The bottom right has the math we used to determine how to cut the roof panels.  We can thank mike and Truth for that because my idea was the one on the top right.  ... Both will work.  Mine would be faster.  But there's a problem with speed if you don't have enough material to handle the scraps.  And we didn't.

The plan there means we needed to cut 8x5" rectangles and then cut them diagonally.  

I was oncall that day.  So I didn't actaully get to do much work on this.  But Mike and Truth made very fast progress. Here's them cutting the wall length. 

It was a little windy, so after they cut out the 8x5 sheets, they moved inside.
In the end we cut out 10 triangles.  The math said we only needed 8... ish. 

After cutting out the parts, we went to figure out how to use my dad's sewing machine.  It's a sailmakers sewing machine.  It doesn't do much, but it does something most machines can't do.  Like punch through 8 layers of canvas without flinching.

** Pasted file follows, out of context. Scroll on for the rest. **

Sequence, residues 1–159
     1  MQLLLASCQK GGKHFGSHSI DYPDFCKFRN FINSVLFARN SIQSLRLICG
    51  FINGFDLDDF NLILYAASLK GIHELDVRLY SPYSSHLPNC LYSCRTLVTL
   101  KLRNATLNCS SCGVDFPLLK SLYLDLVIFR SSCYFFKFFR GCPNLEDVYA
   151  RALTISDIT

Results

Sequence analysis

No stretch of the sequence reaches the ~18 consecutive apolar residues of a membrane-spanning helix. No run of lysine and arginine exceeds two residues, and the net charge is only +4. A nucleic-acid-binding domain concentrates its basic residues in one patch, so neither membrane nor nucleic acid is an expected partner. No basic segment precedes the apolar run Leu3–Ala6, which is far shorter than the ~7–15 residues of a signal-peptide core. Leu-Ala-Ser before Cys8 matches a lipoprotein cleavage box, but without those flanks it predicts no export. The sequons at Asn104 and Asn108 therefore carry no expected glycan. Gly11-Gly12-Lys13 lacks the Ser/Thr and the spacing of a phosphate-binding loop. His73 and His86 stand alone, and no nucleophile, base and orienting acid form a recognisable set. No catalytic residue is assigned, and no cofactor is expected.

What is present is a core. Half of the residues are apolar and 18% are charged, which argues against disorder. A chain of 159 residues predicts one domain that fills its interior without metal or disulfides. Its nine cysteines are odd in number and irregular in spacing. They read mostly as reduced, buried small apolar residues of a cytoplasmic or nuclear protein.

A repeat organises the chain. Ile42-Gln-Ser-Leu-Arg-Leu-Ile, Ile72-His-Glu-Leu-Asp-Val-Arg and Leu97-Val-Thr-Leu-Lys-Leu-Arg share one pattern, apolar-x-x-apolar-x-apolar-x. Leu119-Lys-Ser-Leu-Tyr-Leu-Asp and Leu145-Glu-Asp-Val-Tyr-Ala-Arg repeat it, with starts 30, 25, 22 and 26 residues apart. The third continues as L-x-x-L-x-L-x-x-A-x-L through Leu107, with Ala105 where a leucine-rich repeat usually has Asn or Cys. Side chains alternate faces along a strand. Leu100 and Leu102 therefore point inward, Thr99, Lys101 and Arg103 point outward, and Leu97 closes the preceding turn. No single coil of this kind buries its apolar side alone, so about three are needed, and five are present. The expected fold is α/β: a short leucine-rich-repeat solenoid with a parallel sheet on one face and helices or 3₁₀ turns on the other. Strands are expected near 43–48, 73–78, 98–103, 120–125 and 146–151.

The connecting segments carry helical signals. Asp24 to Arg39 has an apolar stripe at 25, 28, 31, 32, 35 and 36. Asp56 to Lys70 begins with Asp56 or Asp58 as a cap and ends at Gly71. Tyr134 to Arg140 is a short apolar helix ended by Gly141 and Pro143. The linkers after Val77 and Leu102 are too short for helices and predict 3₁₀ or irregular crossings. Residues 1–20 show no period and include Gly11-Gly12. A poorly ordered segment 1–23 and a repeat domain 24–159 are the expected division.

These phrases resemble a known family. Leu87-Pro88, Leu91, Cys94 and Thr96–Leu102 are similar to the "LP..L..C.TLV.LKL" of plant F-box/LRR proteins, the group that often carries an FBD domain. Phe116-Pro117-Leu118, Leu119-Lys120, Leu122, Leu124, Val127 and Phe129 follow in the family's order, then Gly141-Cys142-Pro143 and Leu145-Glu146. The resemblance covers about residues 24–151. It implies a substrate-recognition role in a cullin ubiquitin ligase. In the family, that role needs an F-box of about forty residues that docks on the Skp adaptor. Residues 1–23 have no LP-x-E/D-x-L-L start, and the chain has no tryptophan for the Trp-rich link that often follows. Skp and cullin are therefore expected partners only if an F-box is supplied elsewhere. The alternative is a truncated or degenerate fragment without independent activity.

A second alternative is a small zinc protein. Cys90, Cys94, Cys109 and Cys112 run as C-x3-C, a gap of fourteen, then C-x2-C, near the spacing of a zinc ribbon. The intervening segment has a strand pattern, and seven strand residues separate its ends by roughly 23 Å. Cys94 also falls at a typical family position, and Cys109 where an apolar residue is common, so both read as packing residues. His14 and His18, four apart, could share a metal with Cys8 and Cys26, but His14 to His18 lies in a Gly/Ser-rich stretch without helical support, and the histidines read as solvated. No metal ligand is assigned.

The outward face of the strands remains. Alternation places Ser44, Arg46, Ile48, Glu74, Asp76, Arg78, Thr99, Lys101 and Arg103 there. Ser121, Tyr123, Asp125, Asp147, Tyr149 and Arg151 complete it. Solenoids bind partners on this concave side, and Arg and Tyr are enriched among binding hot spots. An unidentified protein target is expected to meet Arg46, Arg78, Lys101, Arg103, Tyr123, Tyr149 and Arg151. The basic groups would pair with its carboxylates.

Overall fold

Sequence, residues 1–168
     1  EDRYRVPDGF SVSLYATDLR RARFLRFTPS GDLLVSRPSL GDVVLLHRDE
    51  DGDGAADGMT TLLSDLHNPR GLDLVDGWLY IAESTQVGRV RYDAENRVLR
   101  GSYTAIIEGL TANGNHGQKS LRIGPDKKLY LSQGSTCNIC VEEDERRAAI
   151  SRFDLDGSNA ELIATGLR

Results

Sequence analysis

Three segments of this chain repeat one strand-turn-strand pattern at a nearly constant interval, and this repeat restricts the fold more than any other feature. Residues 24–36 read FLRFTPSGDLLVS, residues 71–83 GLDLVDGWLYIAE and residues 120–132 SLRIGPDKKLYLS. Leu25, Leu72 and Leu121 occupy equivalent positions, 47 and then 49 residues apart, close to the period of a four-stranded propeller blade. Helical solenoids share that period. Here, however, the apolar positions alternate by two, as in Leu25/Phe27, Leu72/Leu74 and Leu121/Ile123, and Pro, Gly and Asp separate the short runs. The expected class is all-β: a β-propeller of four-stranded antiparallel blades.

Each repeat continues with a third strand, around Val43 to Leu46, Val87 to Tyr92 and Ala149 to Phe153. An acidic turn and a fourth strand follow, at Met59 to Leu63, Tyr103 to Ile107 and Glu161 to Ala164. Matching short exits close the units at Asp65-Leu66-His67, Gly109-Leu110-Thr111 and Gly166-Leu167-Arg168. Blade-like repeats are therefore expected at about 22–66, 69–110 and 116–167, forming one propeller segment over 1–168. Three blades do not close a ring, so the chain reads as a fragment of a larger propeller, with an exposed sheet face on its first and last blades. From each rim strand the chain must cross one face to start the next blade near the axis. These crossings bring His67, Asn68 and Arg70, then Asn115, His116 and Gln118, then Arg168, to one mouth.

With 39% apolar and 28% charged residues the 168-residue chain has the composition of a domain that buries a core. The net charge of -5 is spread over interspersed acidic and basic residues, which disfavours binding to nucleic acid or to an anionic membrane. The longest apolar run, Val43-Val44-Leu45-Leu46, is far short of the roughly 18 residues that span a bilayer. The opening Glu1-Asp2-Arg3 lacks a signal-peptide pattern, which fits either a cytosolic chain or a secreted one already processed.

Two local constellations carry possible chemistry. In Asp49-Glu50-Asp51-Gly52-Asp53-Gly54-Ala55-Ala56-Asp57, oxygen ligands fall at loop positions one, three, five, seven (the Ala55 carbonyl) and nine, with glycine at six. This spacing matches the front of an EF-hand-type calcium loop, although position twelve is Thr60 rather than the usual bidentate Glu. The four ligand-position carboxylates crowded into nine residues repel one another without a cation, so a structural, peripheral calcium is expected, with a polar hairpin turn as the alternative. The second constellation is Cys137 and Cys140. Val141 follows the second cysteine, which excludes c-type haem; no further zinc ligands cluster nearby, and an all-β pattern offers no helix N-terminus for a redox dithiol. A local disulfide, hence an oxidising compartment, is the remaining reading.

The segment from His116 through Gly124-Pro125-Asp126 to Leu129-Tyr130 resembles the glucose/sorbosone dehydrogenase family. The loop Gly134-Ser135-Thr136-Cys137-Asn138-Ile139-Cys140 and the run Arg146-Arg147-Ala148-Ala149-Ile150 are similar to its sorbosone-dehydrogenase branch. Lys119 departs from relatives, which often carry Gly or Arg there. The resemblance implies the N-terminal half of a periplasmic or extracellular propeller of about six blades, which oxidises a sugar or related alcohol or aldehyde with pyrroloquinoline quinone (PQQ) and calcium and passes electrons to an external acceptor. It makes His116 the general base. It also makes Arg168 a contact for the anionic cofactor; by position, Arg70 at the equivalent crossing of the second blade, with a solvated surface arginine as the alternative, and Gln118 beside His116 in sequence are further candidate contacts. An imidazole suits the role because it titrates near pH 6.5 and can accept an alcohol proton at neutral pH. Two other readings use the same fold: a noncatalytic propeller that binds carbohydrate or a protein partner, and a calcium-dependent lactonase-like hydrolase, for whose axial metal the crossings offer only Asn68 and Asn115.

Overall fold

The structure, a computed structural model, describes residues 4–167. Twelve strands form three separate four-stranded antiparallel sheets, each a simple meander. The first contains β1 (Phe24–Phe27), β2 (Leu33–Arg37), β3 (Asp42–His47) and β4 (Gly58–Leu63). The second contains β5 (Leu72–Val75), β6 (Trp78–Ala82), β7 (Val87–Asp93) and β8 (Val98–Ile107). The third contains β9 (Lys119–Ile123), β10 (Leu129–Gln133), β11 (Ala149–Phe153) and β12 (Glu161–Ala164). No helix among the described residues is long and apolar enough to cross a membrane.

While I was working, Truth and Mike sorted out the machine.  But we ran out of time.  They came from across the state to help me with this.  (Yeah, we're a little crazy) so they had to go home at a sane hour.
But.. at the end of the day, we had a machine we could use.  All the material ready to be assembled.  And that nagging feeling that we wouldn't get it all done on time. 

Sunday, May 29, 2011

Buying materials.

So, I used some hilariously low quality wood on the frame.  In several spots it's split.  Or cracked. 

This does not worry me as the frame very efficiently transfers stress to other slats if one breaks.  However, I would like to repair those broken, or weak slats.  The method I'm choosing to do this, is superglue, and splint slats.